Cybersecurity is Imperative for Local School Districts

Cyberattacks on local school districts are becoming more prevalent each year. Recently, Butte School District was duped out $1.1 million in a clever social engineering scheme, which involved a cybercriminal posing as the district’s go-to contractor and taking advantage of now former direct deposit payment policies. Butte is not alone here, though, because according to a report published by the Cybersecurity and Infrastructure Security Agency (CISA), 55% of school data breaches between 2016 and 2021 involved school vendors.

Luckily, CISA has a few recommendations school district officials can use to fight back as well. As compiled by American City & County, school district officials are encouraged to invest in the most impactful cybersecurity measures they can afford, recognize and address resource restraints, and prioritize collaboration and information sharing.

Invest in Impactful Cybersecurity Measures

K-12 school districts are struggling when it comes to spare revenue, but these sorts of investments can go a long way in drastically minimizing security risks. Multi-factor authentication makes it harder for bad actors to leverage commandeered passwords and user information after a data breach. Or in the event of a malware attack, establishing and testing backup protocols can get everyone back up and running after getting locked out of their workstations. Additionally, it is paramount to set long- and short-term goals pertaining to creating incident response plans and implementing cybersecurity training for district employees.

Recognize and Address Resource Restraints

CISA recommends cash-strapped school districts work with state planning committees to receive additional funds through the State and Local Cybersecurity Grant Program (SLCGP). Moreover, school districts should be identifying free or low-cost services and asking more from technology providers when it comes to security features that should be standard, such as limiting security access to administrators and strong, scalable user security options out of the box.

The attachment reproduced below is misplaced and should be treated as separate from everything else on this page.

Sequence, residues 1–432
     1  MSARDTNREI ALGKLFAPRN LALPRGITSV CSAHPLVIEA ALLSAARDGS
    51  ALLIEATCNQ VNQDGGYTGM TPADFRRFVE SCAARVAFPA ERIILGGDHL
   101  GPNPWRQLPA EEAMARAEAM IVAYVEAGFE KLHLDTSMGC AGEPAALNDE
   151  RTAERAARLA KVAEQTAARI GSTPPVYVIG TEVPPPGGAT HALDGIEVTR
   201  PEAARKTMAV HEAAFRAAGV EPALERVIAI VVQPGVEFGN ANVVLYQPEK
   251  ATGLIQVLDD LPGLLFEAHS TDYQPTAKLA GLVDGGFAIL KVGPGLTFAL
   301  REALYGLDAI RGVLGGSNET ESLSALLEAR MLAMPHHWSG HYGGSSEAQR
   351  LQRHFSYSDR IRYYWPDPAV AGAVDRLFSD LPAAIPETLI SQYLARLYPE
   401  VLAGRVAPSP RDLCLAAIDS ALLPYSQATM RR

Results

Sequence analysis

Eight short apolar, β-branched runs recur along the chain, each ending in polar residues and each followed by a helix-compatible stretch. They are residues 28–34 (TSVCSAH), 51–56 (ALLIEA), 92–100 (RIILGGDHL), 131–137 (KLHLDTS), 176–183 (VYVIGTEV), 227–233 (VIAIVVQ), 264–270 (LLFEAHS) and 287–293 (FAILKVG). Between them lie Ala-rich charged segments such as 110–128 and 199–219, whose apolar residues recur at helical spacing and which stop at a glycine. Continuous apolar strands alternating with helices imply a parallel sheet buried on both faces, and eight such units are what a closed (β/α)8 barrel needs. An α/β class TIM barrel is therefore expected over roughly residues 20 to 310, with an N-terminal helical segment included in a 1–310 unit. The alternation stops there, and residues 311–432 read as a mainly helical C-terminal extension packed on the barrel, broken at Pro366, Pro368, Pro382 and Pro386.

Prioritize Collaboration and Information Sharing

While this may sound counterintuitive, CISA recommends school districts participate in internet sharing forums and working with other information-sharing organizations. Additionally, school districts are welcome to build rapport with their regional CISA office and local FBI field office. The goal is to establish open lines of communication between local district officials and federal cybersecurity experts to stay in-the-loop on evolving security risks, facilitate better access to government assistance, and improve response time when incidents do occur.

When it comes to K-12 schools, cybersecurity is no joke. But there are plenty of tools available to help school districts of all shapes and sizes. For more information, be sure to check out the official CISA website to see what is feasible for your school district.

Share This Post:

This entry was posted in Best Practices, BMS Tech Tips, Latest News. Bookmark the permalink. Follow any comments here with the RSS feed for this post. Both comments and trackbacks are currently closed.